Wrath of the Titans: Or, Press Your Luck. It seems like Warner Brothers was lucky to get out of Clash of the Titans, given its big budget, middling-at-best reviews and universally reviled 3D conversion, with $160 million and change domestic. But in the style of G.I. Joe: The Rise of Cobra, the fact that the movie somehow didn’t hemorrhage money inspired the studio to go ahead with an equally expensive follow-up, because I guess The Dark Knight has lots of studios (especially WB) assuming that if a first movie does respectably, there’s a good chance tons of dudes bought the Blu-ray, loved it, and will make any follow-up gross twice as month. Or maybe Wrath of the Titans is enough of an overseas sure-thing to make its seemingly likely $125 million domestic irrelevant.
Worthington-endorsed attempts to do it better this time (as part of every studio sequel’s recent tour of remorse and bad-mouthing over the previous installment) involve trading one journeyman action director (Louis Leterrier, who holds a special place in my heart for his Transporter involvement) for another: Jonathan Liebesman, who may be even more of a craven for-hire guy than his predecessor. Take a look at his filmography: need him to imitate the grimy imitation of Texas Chainsaw Massacre while also imitating an imitation of Michael Bay slickness? Sure, he can give you Texas Chainsaw Massacre: The Beginning, no problem. Would you prefer a pseudo-verite alien invasion movie with plenty of fashionably pointless handheld cameras? Battle Los Angeles, coming right up! Sequelize a funny but extremely dopey movie that no one loves? Can do! Worthington, Neeson, and Fiennes need some paychecks? Well, not really; Avatar and Star Wars and Harry Potter ought to pay their bills fine. But “not really!” is exactly the answer that invokes Liebesman! He’s on it, whether you want it or not!
Mirror Mirror: I like this Tarsem Singh retelling of Snow White, and it’s a good thing, because there’s plenty more where that came from. I don’t know if you’ve heard, but there’s going to be a big-budget Snow White movie released every weekend for the next eleven weekends.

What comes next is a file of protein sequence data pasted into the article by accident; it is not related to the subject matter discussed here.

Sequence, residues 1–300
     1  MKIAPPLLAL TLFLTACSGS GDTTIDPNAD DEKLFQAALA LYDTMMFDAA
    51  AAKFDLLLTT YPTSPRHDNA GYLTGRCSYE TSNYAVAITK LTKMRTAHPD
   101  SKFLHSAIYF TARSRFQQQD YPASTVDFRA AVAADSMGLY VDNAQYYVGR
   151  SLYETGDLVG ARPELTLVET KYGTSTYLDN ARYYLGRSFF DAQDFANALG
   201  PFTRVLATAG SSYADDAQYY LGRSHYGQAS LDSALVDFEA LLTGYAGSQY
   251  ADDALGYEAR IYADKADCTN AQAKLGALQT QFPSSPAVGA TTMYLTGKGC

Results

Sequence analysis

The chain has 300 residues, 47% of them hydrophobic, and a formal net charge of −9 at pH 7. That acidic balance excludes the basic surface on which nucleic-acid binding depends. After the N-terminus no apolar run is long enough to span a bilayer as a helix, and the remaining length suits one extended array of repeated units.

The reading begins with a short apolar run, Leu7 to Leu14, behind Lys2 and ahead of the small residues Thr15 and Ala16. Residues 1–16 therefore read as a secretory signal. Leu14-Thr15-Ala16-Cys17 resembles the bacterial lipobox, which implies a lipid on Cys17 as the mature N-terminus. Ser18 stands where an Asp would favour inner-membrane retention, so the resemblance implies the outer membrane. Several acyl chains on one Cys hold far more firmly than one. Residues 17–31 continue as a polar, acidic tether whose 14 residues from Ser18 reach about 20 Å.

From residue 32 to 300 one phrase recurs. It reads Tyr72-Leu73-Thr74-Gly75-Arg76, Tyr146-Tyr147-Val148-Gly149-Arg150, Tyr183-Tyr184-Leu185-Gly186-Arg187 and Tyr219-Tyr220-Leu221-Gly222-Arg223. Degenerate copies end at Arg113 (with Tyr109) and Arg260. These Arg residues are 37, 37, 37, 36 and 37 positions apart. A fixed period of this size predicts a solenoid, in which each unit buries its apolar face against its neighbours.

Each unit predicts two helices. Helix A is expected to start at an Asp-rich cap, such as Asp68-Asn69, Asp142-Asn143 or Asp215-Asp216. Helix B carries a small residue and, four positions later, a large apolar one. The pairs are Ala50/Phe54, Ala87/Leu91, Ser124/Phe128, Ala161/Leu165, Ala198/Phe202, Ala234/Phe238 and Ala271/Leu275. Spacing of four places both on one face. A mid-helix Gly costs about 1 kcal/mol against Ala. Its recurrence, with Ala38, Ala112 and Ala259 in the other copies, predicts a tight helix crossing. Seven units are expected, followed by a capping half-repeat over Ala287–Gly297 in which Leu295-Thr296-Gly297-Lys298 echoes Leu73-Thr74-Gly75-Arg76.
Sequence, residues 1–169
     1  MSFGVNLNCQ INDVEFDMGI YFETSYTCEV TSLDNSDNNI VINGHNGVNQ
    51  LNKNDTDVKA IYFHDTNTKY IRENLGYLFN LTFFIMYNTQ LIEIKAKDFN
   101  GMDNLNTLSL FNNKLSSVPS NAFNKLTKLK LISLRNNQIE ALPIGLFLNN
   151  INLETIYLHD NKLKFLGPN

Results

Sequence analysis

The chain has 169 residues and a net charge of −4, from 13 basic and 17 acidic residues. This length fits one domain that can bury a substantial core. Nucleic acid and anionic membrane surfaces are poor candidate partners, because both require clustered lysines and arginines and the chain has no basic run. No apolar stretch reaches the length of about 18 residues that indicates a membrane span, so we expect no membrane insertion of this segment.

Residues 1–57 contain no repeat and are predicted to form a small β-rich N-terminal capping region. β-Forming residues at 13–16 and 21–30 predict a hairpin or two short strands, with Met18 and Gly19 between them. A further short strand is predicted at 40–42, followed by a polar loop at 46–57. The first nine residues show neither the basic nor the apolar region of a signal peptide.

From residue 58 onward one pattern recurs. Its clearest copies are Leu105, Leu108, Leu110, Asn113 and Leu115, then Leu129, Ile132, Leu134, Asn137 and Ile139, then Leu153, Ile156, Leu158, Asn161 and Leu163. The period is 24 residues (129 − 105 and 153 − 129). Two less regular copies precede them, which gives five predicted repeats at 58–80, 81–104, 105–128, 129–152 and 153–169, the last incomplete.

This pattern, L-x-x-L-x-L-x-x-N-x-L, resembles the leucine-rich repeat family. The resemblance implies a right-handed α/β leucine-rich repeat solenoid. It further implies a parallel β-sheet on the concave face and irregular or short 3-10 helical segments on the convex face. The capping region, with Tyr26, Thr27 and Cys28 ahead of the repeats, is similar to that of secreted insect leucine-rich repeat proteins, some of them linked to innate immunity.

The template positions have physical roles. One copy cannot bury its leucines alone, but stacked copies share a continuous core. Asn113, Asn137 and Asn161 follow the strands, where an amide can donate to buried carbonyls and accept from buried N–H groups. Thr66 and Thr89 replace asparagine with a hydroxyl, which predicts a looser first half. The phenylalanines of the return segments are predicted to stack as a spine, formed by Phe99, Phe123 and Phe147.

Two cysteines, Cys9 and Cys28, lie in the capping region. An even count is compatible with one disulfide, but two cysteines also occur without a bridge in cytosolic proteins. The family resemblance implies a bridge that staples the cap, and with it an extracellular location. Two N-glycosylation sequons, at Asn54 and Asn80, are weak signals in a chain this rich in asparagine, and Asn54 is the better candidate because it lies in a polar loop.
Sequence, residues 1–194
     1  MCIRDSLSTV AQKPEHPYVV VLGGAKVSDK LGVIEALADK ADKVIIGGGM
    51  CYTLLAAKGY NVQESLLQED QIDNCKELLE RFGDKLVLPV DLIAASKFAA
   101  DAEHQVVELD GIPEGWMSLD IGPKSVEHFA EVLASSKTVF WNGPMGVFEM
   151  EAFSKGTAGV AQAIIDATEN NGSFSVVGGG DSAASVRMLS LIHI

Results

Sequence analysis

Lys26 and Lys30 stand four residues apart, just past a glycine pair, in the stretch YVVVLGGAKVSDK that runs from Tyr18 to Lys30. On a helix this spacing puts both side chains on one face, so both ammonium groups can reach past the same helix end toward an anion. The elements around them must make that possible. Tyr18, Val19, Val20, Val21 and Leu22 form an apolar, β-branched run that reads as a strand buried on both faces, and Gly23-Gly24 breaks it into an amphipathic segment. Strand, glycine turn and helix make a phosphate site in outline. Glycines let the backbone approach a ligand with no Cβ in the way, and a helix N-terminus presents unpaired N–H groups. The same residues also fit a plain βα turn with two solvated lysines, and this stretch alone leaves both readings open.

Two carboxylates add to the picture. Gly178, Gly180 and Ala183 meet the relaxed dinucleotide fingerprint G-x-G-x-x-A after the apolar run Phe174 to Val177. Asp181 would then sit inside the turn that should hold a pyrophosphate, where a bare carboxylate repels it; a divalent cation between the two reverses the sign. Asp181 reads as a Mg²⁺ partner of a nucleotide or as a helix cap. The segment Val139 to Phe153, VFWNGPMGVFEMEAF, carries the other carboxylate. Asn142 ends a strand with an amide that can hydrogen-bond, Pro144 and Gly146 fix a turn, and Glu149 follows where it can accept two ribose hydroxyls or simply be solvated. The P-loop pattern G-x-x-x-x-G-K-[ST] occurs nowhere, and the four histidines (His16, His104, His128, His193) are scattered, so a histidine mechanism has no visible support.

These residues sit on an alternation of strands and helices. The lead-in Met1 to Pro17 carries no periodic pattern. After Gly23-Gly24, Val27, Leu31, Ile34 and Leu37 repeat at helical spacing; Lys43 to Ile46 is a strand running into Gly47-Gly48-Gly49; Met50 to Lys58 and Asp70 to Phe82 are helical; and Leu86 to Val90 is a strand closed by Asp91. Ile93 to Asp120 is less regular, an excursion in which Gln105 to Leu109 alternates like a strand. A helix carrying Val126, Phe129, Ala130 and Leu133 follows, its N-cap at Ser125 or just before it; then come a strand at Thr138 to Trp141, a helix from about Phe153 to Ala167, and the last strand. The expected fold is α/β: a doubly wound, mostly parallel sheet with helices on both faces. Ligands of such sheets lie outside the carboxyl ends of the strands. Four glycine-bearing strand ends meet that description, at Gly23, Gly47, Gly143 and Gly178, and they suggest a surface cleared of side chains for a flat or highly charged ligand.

Next weekend we’re getting Briana Evigan as Snow White and Taylor Lautner as the dwarfs, in a futuristic dance-off version from visionary director Len Wiseman. On April 13th, Blake Lively gets a bad dye job to hide from a female serial killer with a creepy nickname in Wicked Queen. Then Krzysztof Kieslowski’s son, music-video director Maynard Kieslowski, will unveil the three-week release of his new Three Colors of Snow White trilogy: first White (As Snow), then Black (As Night), then Red (As Blood). Nicolas Cage did an untitled Snow White movie reuniting him with his Captain Corelli and the Mandolin director John Madden that is currently scheduled for limited release on May 11th prior to its DVD release on later in the day on May 11th. That brings us up to May 18th, when a long-shelved Taylor Kitsch movie where he plays Prince Charming opposite Dreama Walker will be dumped into theaters at the last possible moment of capitalizing on the remote possibility that he will become a movie star. On May 25th, we’ll be treated to an all-star reclaiming of the utterly racist Warner Brothers cartoon “Coal Black and de Sebben Dwarfs”, starring Gabrielle Union and Kevin Ealy, plus Warwick Davis in a controversial blackface performance. Then the series reaches an anticlimax in June with Snow White and the Huntsman, starring Lady Twilight. Can’t wait for next year’s seventeen movies adapting “Cat and Mouse in Partnership.”